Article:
He felt dizzy and fell hard; his head bleeding profusely. Running to him, she, too, tumbled. Her arm snapped, and she screamed.
She crawled painfully to him. “Are you okay, Jack?”
He winced. “There’s something wrong with the well water, Jill. I feel sick. Tell everyone not to drink it.”
“Oh, Jack,” Jill bawled from her inability to stem his hemorrhage. Even more so as she tried to get up, feeling the jaggedness of her broken bone. A dark shadow fell over her and Jack, accompanied with the sound of flapping wings. Looking through her tears, she saw a creature with an eagle’s head, wings, and a lion’s body.
The griffin undulated, as it hovered close to her. She swore that if she hadn’t pulled back, its beak would have pecked one of her eyes. Instinctively shutting her eyes tightly and holding her breath, she could hear the beating of its wings grow faint. Slowly opening her eyes, she saw it fly further away; and that was when she noticed how strange the sky appeared. Never in all her life had she seen the sky look . . . she searched for a word to describe it, and “damaged” came to mind. Her next thought was, “Is this how the end of the world will look?”
From beyond the heavens, far removed from what she could see or even imagine, was a flurry of activity in another world.
The mother and her little girl had been standing in line for nearly an hour to get their brilliantly illustrated, pop-up, 3-D book of Nursery Rhymes with the child’s name in script. As the next one in line, the girl excitedly placed her book on the table’s edge before the other people in front of her, completely moved out-of-the-way. With all the books and other knickknacks crowding the area, perhaps that’s why she failed to see the open bottle of ink close to the table’s edge.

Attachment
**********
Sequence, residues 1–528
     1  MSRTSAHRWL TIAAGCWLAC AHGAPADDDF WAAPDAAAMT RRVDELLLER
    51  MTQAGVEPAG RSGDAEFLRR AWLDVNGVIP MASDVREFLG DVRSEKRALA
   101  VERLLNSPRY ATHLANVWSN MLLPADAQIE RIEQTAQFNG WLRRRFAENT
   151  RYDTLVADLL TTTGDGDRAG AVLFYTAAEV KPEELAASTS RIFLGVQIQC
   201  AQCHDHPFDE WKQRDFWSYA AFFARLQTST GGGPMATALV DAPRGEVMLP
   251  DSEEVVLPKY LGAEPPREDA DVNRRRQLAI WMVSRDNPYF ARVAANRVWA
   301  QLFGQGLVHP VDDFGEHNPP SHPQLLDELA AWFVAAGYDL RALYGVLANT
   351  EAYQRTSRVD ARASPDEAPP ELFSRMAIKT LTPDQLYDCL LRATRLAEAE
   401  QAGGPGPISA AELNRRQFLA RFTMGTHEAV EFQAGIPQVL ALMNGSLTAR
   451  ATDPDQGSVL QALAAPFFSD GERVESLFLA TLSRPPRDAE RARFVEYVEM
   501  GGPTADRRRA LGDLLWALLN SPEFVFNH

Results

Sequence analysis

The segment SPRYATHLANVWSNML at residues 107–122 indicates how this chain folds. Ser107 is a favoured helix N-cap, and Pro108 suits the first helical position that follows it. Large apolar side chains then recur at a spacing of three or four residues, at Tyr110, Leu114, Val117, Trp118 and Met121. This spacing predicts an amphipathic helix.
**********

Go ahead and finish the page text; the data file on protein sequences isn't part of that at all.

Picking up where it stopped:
Soon thereafter, first the book, and then the bottle of ink, crashed to the floor. The book landed face-up with the pages open and the ink splashed on it.
Just as the little girl was picking up her book, a little boy, who had been standing in line while playing with a toy griffin, accidentally crashed his toy into the girl’s book and ripped through a few of the pages. Quickly, the little girl sidestepped, preventing further damage.
Her mother rushed over to her daughter. Oh, bother. She glanced at the open book and saw how the black ink had landed right in the middle of the well illustration from the story of Jack and Jill.
50 Word Story Collaboration
By Karina Pinella & Rose Perez
Karina expanded Rose’s Fifty Words Story, A Great Fall
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